Ned Parsekian, who passed away on Monday, only served two years as a state Senator.
But those who remember Parsekian recall an independent, vocal liberal whose political career was shortened by the circumstances of the times, and whose life-long designs on the governor’s office may have been thwarted by his outspoken stands against politics as usual.
Elected to the Senate in 1965, Parsekian lost just two years later, when an anti-Democratic wave related to voter disenchantment over their creation of a state sales tax and a general feeling of dismay over the Vietnam War knocked many Democrats out of office.
“He was not the kind of guy who would go along to get along,” said Leon Sokol, a Trenton insider who learned the political ropes from Parsekian’s running mate, Matthew Feldman.
“He spoke his mind and did what he thought was right,” said Sokol.
Parsekian’s forthrightness and ethical rigidity held up his confirmation as director of the Department of Motor Vehicles for three years. During his tenure as acting director, he stirred controversy by saying that politicians had asked him to bend department rules to fix driving records and hire their cronies for patronage positions and issue.
In 1966, however, Democrats did turn to Parsekian as their second choice to run a Senate campaign against Republican Clifford Case – a race that a challenger was widely expected to lose barring a candidacy from former Gov. Robert Meyner, who had rejected the nomination. But Parsekian refused to ingratiate himself with party leadership.
As the New York Times reported at the time, when Parsekian was indicating that he was not interested: “Governor Hughes plans an extensive effort this week to convince Mr. Parsekian that, paradoxically, his political future would be served best by what promises to be a losing campaign.”
Parsekian’s law partner, Melvin R. Solomon, said that Parsekian rejected the offer because was told he would have to support the Vietnam War to become the nominee.
In his 1969 quest for the Democratic Party’s gubernatorial nomination, Parsekian was quoted eloquently summing up his ideals.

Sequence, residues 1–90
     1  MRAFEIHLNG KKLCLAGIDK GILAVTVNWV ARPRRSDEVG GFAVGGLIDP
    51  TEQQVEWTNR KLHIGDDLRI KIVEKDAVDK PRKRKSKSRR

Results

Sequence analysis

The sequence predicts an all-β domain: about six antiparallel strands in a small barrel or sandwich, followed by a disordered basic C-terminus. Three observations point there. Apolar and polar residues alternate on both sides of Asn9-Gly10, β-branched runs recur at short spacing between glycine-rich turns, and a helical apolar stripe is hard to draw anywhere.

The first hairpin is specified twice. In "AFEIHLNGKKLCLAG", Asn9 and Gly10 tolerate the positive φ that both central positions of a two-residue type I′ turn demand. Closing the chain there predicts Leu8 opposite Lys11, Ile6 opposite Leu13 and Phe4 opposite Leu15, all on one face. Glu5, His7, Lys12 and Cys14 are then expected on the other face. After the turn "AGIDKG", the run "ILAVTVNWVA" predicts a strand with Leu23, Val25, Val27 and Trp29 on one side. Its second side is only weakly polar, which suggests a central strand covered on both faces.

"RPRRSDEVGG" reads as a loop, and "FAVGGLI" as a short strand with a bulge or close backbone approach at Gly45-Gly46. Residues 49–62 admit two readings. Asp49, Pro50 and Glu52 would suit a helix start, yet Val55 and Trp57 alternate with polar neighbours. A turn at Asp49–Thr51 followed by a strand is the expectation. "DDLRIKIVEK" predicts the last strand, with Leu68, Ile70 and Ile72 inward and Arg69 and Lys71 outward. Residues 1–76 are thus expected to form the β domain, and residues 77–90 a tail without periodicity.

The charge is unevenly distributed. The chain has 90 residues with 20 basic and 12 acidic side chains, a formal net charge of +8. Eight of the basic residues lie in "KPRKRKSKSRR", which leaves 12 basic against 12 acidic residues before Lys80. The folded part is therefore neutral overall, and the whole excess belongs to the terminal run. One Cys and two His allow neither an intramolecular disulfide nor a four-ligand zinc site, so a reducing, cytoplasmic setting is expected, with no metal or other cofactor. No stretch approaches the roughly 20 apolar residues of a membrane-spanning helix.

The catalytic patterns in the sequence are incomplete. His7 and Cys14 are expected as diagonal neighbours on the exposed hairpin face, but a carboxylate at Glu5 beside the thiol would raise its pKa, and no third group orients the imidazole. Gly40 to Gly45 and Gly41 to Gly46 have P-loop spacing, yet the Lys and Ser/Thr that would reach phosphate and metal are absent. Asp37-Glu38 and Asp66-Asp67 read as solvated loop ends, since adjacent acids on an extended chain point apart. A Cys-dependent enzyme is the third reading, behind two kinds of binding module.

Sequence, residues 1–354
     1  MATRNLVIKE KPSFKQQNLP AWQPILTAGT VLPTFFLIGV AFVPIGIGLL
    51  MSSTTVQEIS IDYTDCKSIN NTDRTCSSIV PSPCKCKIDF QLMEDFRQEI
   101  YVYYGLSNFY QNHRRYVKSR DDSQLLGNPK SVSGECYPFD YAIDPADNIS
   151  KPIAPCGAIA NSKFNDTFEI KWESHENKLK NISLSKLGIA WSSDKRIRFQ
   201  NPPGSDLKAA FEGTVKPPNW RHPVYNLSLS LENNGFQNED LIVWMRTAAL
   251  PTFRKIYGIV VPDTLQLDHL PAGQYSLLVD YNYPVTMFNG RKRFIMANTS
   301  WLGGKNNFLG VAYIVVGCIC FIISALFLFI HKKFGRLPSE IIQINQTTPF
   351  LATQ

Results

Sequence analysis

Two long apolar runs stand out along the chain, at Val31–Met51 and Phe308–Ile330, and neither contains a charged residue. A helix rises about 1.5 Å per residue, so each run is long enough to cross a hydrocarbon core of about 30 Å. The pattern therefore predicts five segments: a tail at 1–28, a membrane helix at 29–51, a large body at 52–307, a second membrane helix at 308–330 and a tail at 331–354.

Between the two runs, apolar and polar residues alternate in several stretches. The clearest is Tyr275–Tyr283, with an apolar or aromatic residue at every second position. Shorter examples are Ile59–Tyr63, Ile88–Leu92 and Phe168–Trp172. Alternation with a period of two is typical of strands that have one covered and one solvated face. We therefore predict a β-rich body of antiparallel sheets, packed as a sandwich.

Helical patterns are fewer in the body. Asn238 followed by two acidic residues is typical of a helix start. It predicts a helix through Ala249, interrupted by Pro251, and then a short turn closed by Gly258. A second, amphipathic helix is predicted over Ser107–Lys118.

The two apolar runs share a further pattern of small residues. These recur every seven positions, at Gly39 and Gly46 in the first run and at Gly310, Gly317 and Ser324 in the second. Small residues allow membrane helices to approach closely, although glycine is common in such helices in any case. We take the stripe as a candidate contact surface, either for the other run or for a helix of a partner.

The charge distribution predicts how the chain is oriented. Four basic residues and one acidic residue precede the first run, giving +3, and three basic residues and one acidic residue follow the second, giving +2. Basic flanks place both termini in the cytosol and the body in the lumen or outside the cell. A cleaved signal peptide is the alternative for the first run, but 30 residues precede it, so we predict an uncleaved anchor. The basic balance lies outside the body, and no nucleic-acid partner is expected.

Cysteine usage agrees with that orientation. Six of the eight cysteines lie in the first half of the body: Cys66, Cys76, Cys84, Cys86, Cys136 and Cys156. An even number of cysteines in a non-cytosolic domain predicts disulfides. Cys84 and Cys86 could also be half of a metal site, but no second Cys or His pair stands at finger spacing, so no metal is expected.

“There is a revolution in political thinking that demands recognition of the electorate as human beings who desperately need and want to be heard, and who have become impatient with rituals, legal fictions or idle motions,” he told the New York Times.
He went on to criticize one of his opponents in the race, former Gov. Robert B. Meyner, who bad brought him into state politics in his administration in the 1950s. (Meyner had already served two terms, but was able to run again since New Jersey law at the time only banned serving more than two consecutive terms).
Parsekian wound up coming in fifth of six candidates in that race, winning six percent of the vote statewide. Meyner went on to lose to William Cahill.
Former Gov. Brendan Byrne started out in politics around the same time Parsekian did.
“Ned and I were part of a group of Young Turks who sort of came into being after Meyner was elected Governor in 1953,” he said. “A lot of us got into the state government in various aspects of it as part of our reform, and Ned was one of them.”
Byrne recalled that Parsekian fought against the practice of senatorial courtesy – which held up his permanent appointment to the DMV and squashed his nomination to a judgeship. Senatorial courtesy, however, continues to this day.
“I thought Ned was always a little naïve, but he was for the right things, he said.
Lobbyist Alan Marcus covered Parsekian in the 1960’s as a reporter for the now-defunct Hudson Dispatch. He recalls an unabashed liberal who always spoke his mind.
“I always found him very accessible, very quotable, and if I couldn’t find him he would always find me,” said Marcus.
And, in at least one respect, Parsekian was omnipresent. As the director of the Division of Motor Vehicles, his name graced more documents than any other official in the state.
“He saw that as a springboard. I think he always dreamed about being governor, but there were a lot of Democrats back then who dreamed of it,” said Marcus.
A memorial service for Parsekian and his daughter, Nancy Hamilton, who passed away two months ago, is planned in at the Westside Presbyterian Church in Ridgewood on August 29th.